Ectopic colonization of oral bacteria in the intestine drives TH1 cell induction and inflammation

Koji Atarashi, Wataru Suda, Chengwei Luo, Takaaki Kawaguchi, Iori Motoo, Seiko Narushima, Yuya Kiguchi, Keiko Yasuma, Eiichiro Watanabe, Takeshi Tanoue, Christoph A. Thaiss, Mayuko Sato, Kiminori Toyooka, Heba S. Said, Hirokazu Yamagami, Scott A. Rice, Dirk Gevers, Ryan C. Johnson, Julia A. Segre, Kong Chen & 6 others Jay K. Kolls, Eran Elinav, Hidetoshi Morita, Ramnik J. Xavier, Masahira Hattori, Kenya Honda

    Research output: Contribution to journalArticle

    79 Citations (Scopus)

    Abstract

    Intestinal colonization by bacteria of oral origin has been correlated with several negative health outcomes, including inflammatory bowel disease. However, a causal role of oral bacteria ectopically colonizing the intestine remains unclear. Using gnotobiotic techniques, we show that strains of Klebsiella spp. isolated from the salivary microbiota are strong inducers of T helper 1 (TH1) cells when they colonize in the gut. These Klebsiella strains are resistant to multiple antibiotics, tend to colonize when the intestinal microbiota is dysbiotic, and elicit a severe gut inflammation in the context of a genetically susceptible host. Our findings suggest that the oral cavity may serve as a reservoir for potential intestinal pathobionts that can exacerbate intestinal disease.

    Original languageEnglish
    Pages (from-to)359-365
    Number of pages7
    JournalScience
    Volume358
    Issue number6361
    DOIs
    Publication statusPublished - 2017 Oct 20

    Fingerprint

    Th1 Cells
    Klebsiella
    Intestines
    Germ-Free Life
    Inflammation
    Bacteria
    Intestinal Diseases
    Microbiota
    Inflammatory Bowel Diseases
    Mouth
    Anti-Bacterial Agents
    Health
    Gastrointestinal Microbiome

    ASJC Scopus subject areas

    • General

    Cite this

    Atarashi, K., Suda, W., Luo, C., Kawaguchi, T., Motoo, I., Narushima, S., ... Honda, K. (2017). Ectopic colonization of oral bacteria in the intestine drives TH1 cell induction and inflammation. Science, 358(6361), 359-365. https://doi.org/10.1126/science.aan4526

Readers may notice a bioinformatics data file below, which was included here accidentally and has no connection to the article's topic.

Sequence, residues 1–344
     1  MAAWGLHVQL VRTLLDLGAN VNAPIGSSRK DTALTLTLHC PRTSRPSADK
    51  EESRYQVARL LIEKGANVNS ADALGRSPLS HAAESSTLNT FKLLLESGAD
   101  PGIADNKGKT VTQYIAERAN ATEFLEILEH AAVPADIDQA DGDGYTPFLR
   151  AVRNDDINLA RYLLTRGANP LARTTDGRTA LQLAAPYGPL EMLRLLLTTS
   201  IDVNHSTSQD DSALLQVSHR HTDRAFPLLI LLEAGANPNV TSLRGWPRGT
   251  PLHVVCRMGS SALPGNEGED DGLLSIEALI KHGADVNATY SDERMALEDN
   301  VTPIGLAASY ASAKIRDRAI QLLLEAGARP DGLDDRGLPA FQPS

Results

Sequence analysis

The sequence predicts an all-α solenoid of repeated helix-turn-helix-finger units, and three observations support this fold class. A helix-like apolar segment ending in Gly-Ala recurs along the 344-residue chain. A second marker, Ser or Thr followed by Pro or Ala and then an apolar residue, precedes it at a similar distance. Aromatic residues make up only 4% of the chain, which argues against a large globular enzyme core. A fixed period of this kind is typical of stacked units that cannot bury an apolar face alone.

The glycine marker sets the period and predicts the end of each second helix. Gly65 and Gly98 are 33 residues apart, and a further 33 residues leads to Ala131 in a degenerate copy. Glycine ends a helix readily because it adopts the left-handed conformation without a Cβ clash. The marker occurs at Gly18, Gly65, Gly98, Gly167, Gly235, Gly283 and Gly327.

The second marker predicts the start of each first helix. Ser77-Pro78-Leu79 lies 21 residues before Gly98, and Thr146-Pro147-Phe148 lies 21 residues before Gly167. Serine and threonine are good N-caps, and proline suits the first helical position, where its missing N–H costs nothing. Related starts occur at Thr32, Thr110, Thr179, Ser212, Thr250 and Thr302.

Ectopic colonization of oral bacteria in the intestine drives TH1 cell induction and inflammation. / Atarashi, Koji; Suda, Wataru; Luo, Chengwei; Kawaguchi, Takaaki; Motoo, Iori; Narushima, Seiko; Kiguchi, Yuya; Yasuma, Keiko; Watanabe, Eiichiro; Tanoue, Takeshi; Thaiss, Christoph A.; Sato, Mayuko; Toyooka, Kiminori; Said, Heba S.; Yamagami, Hirokazu; Rice, Scott A.; Gevers, Dirk; Johnson, Ryan C.; Segre, Julia A.; Chen, Kong; Kolls, Jay K.; Elinav, Eran; Morita, Hidetoshi; Xavier, Ramnik J.; Hattori, Masahira; Honda, Kenya.

    In: Science, Vol. 358, No. 6361, 20.10.2017, p. 359-365.

    Research output: Contribution to journalArticle

    Atarashi, K, Suda, W, Luo, C, Kawaguchi, T, Motoo, I, Narushima, S, Kiguchi, Y, Yasuma, K, Watanabe, E, Tanoue, T, Thaiss, CA, Sato, M, Toyooka, K, Said, HS, Yamagami, H, Rice, SA, Gevers, D, Johnson, RC, Segre, JA, Chen, K, Kolls, JK, Elinav, E, Morita, H, Xavier, RJ, Hattori, M & Honda, K 2017, 'Ectopic colonization of oral bacteria in the intestine drives TH1 cell induction and inflammation', Science, vol. 358, no. 6361, pp. 359-365. https://doi.org/10.1126/science.aan4526
    Atarashi K, Suda W, Luo C, Kawaguchi T, Motoo I, Narushima S et al. Ectopic colonization of oral bacteria in the intestine drives TH1 cell induction and inflammation. Science. 2017 Oct 20;358(6361):359-365. https://doi.org/10.1126/science.aan4526
    Atarashi, Koji ; Suda, Wataru ; Luo, Chengwei ; Kawaguchi, Takaaki ; Motoo, Iori ; Narushima, Seiko ; Kiguchi, Yuya ; Yasuma, Keiko ; Watanabe, Eiichiro ; Tanoue, Takeshi ; Thaiss, Christoph A. ; Sato, Mayuko ; Toyooka, Kiminori ; Said, Heba S. ; Yamagami, Hirokazu ; Rice, Scott A. ; Gevers, Dirk ; Johnson, Ryan C. ; Segre, Julia A. ; Chen, Kong ; Kolls, Jay K. ; Elinav, Eran ; Morita, Hidetoshi ; Xavier, Ramnik J. ; Hattori, Masahira ; Honda, Kenya. / Ectopic colonization of oral bacteria in the intestine drives TH1 cell induction and inflammation. In: Science. 2017 ; Vol. 358, No. 6361. pp. 359-365.
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    abstract = "Intestinal colonization by bacteria of oral origin has been correlated with several negative health outcomes, including inflammatory bowel disease. However, a causal role of oral bacteria ectopically colonizing the intestine remains unclear. Using gnotobiotic techniques, we show that strains of Klebsiella spp. isolated from the salivary microbiota are strong inducers of T helper 1 (TH1) cells when they colonize in the gut. These Klebsiella strains are resistant to multiple antibiotics, tend to colonize when the intestinal microbiota is dysbiotic, and elicit a severe gut inflammation in the context of a genetically susceptible host. Our findings suggest that the oral cavity may serve as a reservoir for potential intestinal pathobionts that can exacerbate intestinal disease.",
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